Inclusion

28th Sunday in Ordinary Time

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Originally delivered on October 10, 1993

Readings: Isaiah 25: 6-10; Philippians 4:12-14, 19-20; Matthew 22: 1-14 or 22:1-10

We are reminded today that we are all invited to the wedding banquet.  Today, we are asked, just as a bride and groom, to let go in order to more fully receive Jesus’ promise.   Each and every one of us is invited to the banquet of our Lord, without exception and without conditions, and yet, we are equally called to serve the fellow guests, our sisters and brothers.

20th Sunday in Ordinary Time

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Originally delivered on August 19, 1990

Readings: Isaiah 56:1, 6-7; Romans 11:13-15, 29-32; Matthew 15:21-28

In this week’s Gospel, a Canaanite woman addresses Jesus and asks for His help.  Through her persistence, despite being a non-Jew, Jesus recognizes her faith and heals her daughter.  But first, Jesus, in his humanity, rebuffed the woman and, in fact, asked his disciples to get rid of her.  In this homily, Fr. Healy invites us to reflect on the humanity of Jesus reflected in today’s Gospel from Matthew.  In the first reading, Isaiah tells the Jews, and us today, that salvation is for all peoples.  All people are God’s people.  We are asked to examine our own lives to see how we’ve practiced exclusion, but then rise to the challenge of overcoming our sins, in the spirit of Jesus’s example.

18th Sunday in Ordinary Time

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Originally delivered on August 5, 1990

Readings:  Isaiah 55: 1-3; Romans 8:35, 37-39; Matthew 14:13-21

This week’s Gospel is the famous story of five loaves of bread and a couple of fish.  In this account, his disciples suggest that Jesus disperse the crowd of 5,000 because they couldn’t feed them.  But Jesus objects and says, “There is no need for them to disperse. Give them something to eat themselves.”  All were fed and many of us, over the years, have marveled at the miracle.  But in today’s homily, Fr. Healy asks us to consider the possibility that Jesus was showing us that if we share what we have with our brothers and sisters, there will be plenty for all.

6th Sunday of Easter

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Originally delivered on May 16, 1993
Readings: Acts 8:5-8, 14-17; Peter 3:15-18; John 14:15-21
In this homily, Fr. Healy describes to us what it must have been like for the disciples after Jesus’s death, including their hopes, doubts, fears, and challenges.  In today’s Gospel, the disciples, like us, are challenged again to know that Jesus is with us through the Holy Spirit. Indeed, we are challenged to experience the Christ in our sisters and brothers.

4th Sunday of Easter

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Originally delivered on May 6, 1990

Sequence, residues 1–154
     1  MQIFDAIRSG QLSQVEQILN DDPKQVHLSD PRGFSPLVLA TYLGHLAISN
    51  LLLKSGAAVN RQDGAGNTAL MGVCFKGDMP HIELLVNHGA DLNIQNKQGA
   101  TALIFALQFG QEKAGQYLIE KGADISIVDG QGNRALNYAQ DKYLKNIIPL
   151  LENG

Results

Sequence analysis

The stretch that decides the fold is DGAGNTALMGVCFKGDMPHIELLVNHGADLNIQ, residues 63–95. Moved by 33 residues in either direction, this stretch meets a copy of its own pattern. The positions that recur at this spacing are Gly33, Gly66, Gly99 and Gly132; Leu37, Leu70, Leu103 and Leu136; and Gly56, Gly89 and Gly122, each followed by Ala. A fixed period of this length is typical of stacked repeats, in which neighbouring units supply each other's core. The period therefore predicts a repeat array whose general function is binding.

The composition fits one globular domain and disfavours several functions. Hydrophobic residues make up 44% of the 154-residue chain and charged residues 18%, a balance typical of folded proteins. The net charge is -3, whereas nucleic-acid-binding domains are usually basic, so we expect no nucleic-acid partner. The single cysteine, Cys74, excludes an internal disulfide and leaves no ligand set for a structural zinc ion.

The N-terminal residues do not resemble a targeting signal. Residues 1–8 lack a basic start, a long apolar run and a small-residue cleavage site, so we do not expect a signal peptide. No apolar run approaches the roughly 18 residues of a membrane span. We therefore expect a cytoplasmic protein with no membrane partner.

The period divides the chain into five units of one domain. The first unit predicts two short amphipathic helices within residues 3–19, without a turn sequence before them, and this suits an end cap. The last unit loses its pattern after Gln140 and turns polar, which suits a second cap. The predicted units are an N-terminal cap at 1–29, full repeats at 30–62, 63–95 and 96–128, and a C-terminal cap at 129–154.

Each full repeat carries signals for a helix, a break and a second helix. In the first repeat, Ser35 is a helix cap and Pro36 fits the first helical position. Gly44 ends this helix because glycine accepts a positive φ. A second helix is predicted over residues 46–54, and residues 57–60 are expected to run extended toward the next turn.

Readings: Acts of the Apostles 2:14, 36-41; Peter 2:20-25; John 10:1-10

Again today we hear about the Good Shepherd and his sheep. Fr. Healy invites us to wonder why that one sheep might have left the flock.  Could the flock have made it impossible to fit in?  But in this day’s readings, we hear that Jesus is the gatekeeper.  Others do not the have the right to keep some of the sheep out of the flock. Therefore, we have a responsibility to be like Jesus and always welcome others, and perhaps especially, the one sheep that has wondered off because of how the flock treats him or her.

3rd Sunday of Easter

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Originally delivered on April 25, 1993

Readings: Acts 2:14, 22-28; Peter 1:17-21; Luke 24: 13-35
Fr. Healy asks us to explore our own road to Emmaus; how we fail to see the risen Christ in those around us. We are challenged to open our hearts to those that are different from us.

Epiphany

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Originally delivered on January 4, 1987

Readings: Isaiah 60:1-6; Ephesians 3:2-3, 5-6; Matthew 2:1-12

In this homily on the Feast of the Epiphany, we hear that that most important line from the three readings is “God’s secret plan, as I have briefly described it, was revealed by the Spirit to the holy apostles and prophets.  It is no less than this: in Christ Jesus the Gentiles are now co-heirs with the Jews, members of the same body and sharers of the promise through the preaching of the gospel.”  As co-heirs, we must ask ourselves if we’ve also accepted the responsibility of sacrificing what we could have to ensure that our sisters and brothers have a place at the table?  Welcoming all, but especially the refugees and other foreigners, like the wise men were welcomed by the baby Jesus, is what we are called to do as Christians.

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